Source: https://www.grahamcluley.com/yahoo-creepy-...

"Starting this summer, the [Japanese] government will test a system in which foreign tourists will be able to verify their identities and buy things at stores using only their fingerprints.

The government hopes to increase the number of foreign tourists by using the system to prevent crime and relieve users from the necessity of carrying cash or credit cards. It aims to realize the system by the 2020 Tokyo Olympic and Paralympic Games.

The experiment will have inbound tourists register their fingerprints and other data, such as credit card information, at airports and elsewhere.

Tourists would then be able to conduct tax exemption procedures and make purchases after verifying their identities by placing two fingers on special devices installed at stores."

Source: http://the-japan-news.com/news/article/000...
Posted
AuthorJordan Brown

"Unique Identification Authority of India (UIDAI) should be wound up as biometrics has failed miserably in many parts of the country, said eminent legal expert Usha Ramanathan.

Delivering a lecture on ‘Interrogating the UID and the National Population Register,’ Ms. Ramanathan, who has been monitoring and engaging with the UID project, said: “In India, we have no idea if biometrics will work or not.”

“Two to five per cent of people do not have fingerprints that work,” she said, pointing to the study using biometric technology which was tested on 25,000 people by the Biometrics Standards Committee before commencement of the project in 2009.

“It is an anti-people project. I am not willing to have a technology god to oversee me. Companies handling biometric data also have close links with intelligence agencies,” said Ms. Ramanathan.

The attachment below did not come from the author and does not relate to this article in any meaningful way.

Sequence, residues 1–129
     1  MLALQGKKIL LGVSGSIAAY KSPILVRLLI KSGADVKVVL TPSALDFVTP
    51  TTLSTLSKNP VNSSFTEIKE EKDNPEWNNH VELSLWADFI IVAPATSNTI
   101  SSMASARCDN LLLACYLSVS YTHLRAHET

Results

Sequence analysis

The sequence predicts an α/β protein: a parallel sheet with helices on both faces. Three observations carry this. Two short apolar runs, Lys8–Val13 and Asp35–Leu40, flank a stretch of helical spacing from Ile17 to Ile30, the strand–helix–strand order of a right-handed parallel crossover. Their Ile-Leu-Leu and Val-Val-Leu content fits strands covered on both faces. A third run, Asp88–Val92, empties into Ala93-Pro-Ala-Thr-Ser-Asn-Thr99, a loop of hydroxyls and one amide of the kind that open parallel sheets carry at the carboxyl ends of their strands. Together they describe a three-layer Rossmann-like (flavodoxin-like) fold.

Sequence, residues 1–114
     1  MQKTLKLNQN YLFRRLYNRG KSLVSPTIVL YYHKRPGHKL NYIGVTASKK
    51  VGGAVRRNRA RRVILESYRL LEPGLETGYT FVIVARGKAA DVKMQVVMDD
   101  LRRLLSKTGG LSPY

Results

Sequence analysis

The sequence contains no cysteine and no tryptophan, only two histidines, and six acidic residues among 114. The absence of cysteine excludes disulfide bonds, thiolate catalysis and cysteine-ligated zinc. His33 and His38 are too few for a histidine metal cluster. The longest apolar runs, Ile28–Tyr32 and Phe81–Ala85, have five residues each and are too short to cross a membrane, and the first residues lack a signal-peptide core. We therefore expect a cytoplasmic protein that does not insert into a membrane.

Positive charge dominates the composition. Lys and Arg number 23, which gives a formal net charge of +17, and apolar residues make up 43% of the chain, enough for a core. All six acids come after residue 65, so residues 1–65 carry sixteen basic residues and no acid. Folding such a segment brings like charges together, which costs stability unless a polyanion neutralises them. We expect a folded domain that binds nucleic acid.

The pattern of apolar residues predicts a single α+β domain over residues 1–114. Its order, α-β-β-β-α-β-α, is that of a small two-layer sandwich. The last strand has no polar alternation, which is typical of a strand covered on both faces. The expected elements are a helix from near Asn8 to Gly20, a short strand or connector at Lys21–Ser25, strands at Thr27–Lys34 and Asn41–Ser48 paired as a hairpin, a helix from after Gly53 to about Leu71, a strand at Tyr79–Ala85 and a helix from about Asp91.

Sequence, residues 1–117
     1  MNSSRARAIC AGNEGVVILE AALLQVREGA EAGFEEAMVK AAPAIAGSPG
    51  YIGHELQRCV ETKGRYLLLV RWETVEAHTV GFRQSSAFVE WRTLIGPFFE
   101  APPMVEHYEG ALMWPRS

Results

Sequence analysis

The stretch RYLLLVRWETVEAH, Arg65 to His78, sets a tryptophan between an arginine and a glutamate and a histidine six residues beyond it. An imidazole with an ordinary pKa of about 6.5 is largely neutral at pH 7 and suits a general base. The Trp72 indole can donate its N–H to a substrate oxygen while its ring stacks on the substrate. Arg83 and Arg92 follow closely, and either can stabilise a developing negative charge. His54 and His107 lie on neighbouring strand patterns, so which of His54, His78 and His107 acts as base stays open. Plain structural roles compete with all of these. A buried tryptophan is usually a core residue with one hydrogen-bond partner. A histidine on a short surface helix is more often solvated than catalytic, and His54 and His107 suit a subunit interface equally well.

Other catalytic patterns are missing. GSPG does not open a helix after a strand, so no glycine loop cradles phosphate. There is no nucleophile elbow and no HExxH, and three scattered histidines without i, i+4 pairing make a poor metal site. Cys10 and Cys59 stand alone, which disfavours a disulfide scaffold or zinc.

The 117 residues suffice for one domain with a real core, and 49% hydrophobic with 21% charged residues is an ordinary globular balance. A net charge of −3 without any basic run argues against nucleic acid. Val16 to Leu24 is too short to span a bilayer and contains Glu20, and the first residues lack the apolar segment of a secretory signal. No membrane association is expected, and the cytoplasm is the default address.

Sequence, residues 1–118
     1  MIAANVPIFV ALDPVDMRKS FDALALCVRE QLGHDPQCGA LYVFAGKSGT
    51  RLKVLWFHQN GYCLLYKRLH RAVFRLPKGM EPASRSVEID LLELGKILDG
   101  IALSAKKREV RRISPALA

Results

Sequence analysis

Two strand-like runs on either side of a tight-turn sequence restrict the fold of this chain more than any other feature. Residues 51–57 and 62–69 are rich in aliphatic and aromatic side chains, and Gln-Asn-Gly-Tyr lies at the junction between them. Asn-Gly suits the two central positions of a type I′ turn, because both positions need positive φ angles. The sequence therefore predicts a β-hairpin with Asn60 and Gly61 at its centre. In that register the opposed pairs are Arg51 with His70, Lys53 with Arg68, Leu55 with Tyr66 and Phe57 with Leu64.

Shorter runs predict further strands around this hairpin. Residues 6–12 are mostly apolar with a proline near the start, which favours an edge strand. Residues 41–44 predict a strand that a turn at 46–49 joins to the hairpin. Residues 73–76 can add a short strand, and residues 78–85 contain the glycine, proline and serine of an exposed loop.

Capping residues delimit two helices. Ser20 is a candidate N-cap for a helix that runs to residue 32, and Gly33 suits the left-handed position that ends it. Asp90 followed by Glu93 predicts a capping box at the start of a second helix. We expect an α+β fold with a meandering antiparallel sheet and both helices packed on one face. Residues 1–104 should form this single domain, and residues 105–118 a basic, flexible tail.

Following the memorandum of understanding between the Registrar General of India and UIDAI, the National Population Register is breaking the rule in collecting biometrics, she added.

“There is simply too much we do not know. The National Population Register is actually acting illegally. The executive has systematically ignored the order of the Supreme Court. Yet there is hardly any questioning and reporting in the media.”

She stressed the need for learning the principles of civil disobedience when the State sees itself above the law. “There has never been an audit of the system. We need to destroy the system.”

“It is not a unique identity project. It is a unique identification project. It is about helping agencies identify us,” she said.

Chairing the talk and moderating the discussion, eminent lawyer Geeta Ramaseshan, clarified why we need to be wary of the hidden agenda in official schemes for creating a citizens’ roster through invasive data harvesting."

Thanks or the link KMA.

See also http://www.thealternative.in/society/what-we-dont-know-about-the-companies/


Image: OBJ

Image: OBJ

"...What do you get when you mix Google Glass and EEG? That’s the question that the people at Ottawa-based Personal Neuro are on their way to answering. Given the buzz around how Google Glass can be used in healthcare, and our longstanding interest in brain-computer interface, we took the opportunity to speak with Personal Neuro’s CEO, Steve Denison, about his company and what they’re building."

Read more

As these Creative Commons pictures show the enrolment and registration process of all Indian residents by the Unique Identification Authority of India (UIDAI). The 12-digit unique number will be stored in a centralized database and linked to the basic demographics and biometric information – photograph, ten fingerprints and iris of each individual. This replaces paper-based cards. Photos by Chirantani Vidyapith Howrah and Fotokannan.